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SARS Web Information

By John S. James

April 4, 2003

Almost everyone has now heard of SARS (severe acute respiratory syndrome), a new disease that can cause a serious and sometimes fatal pneumonia. As we go to press (April 2, 2003) the news is changing very rapidly. Just a week ago it looked like SARS might be dying out -- but then Hong Kong reported over 50 new cases in one day. Conferences and other public events are being postponed or cancelled in that city and some other parts of Asia. This disease could end on its own, or it could become a worldwide pandemic and kill many people. Currently there are over 80 suspected cases in the U.S., most acquired from travel abroad.

SARS is believed to be caused by a previously unknown virus. Some but not all patients have severe breathing difficulties and need a respirator. So far the fatality rate has been about 4%. Recently Hong Kong physicians reported success in treating seriously ill patients with antibodies from those who had recovered -- a well-known technique that has been used successfully with other infectious diseases.

At this time experts believe that SARS is spread mostly by close personal contact, as in hospitals or homes, especially by coughing or sneezing. Some patients appear to be much more contagious than others. No one knows how well the infection can travel through the air in public places. It might also be spread by objects recently handled by an infected person.

For Current Information

One place to start is a Web page by the U.S. National Library of Medicine:

For more detailed information, see the U.S. Centers for Disease Control and Prevention (CDC) page:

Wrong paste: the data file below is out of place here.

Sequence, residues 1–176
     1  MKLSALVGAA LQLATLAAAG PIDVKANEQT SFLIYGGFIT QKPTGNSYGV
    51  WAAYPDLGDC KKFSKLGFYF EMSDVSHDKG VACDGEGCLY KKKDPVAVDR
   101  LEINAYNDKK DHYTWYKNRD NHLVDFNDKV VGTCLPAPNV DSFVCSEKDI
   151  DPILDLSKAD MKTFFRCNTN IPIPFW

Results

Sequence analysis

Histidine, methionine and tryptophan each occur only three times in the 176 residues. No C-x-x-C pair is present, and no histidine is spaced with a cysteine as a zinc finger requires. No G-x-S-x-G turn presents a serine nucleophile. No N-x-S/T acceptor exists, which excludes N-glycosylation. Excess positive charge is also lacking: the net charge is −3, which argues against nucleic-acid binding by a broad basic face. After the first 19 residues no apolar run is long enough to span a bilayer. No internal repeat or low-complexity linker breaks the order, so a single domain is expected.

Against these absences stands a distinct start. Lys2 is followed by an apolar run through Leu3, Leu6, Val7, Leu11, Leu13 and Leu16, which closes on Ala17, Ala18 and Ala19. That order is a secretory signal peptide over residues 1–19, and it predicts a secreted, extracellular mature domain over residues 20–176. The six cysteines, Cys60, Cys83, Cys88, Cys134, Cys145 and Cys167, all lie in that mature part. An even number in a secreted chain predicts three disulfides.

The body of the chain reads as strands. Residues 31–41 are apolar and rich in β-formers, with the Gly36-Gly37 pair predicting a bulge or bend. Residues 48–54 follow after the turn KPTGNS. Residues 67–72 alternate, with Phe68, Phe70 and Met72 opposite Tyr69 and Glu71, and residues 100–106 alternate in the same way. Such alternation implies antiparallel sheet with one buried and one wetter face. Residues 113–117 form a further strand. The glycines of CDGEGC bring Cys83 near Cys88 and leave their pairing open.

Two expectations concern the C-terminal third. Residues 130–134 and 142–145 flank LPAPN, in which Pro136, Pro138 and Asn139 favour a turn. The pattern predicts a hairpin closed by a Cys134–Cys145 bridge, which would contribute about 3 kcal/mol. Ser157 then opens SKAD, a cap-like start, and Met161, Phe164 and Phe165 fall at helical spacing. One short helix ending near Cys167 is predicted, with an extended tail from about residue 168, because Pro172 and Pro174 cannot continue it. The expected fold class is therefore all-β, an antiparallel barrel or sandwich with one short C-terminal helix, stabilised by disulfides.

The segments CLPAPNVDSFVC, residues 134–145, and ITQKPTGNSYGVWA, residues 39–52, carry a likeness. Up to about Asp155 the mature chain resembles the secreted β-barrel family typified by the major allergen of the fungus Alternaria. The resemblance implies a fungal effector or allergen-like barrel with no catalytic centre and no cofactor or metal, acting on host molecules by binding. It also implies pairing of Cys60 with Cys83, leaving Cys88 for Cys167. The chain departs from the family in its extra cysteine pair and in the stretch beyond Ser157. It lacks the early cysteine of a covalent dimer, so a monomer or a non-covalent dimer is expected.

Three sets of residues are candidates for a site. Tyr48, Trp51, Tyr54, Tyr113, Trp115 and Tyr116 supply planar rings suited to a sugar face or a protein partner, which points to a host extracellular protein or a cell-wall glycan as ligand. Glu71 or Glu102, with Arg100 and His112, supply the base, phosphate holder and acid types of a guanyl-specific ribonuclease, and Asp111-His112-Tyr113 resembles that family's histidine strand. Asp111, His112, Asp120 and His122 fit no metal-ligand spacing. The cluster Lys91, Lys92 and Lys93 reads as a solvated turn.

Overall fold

We have not yet seen any HIV-specific information about SARS.


We suggest that more be done to support people in complying with public-health directives -- especially travelers far from home who are asked not to fly if they have possible symptoms. If they fear being stranded in a foreign country thousands of miles from home with no place to stay, uncertain medical care, and problems getting a flight home when they recover, they will have strong incentive to lie and conceal their illness. It would cost little for public-health systems to help make arrangements for the few travelers affected at this time.

New diseases will become increasingly serious due to crowded populations, massive air travel, and possibly bioterrorism. Proper support for public health, long neglected by governments that care only for the rich (who can afford private medicine), will become a life-or-death issue for everyone.

ISSN # 1052-4207

Copyright 2003 by John S. James. Permission granted for noncommercial reproduction, provided that our address and phone number are included if more than short quotations are used.

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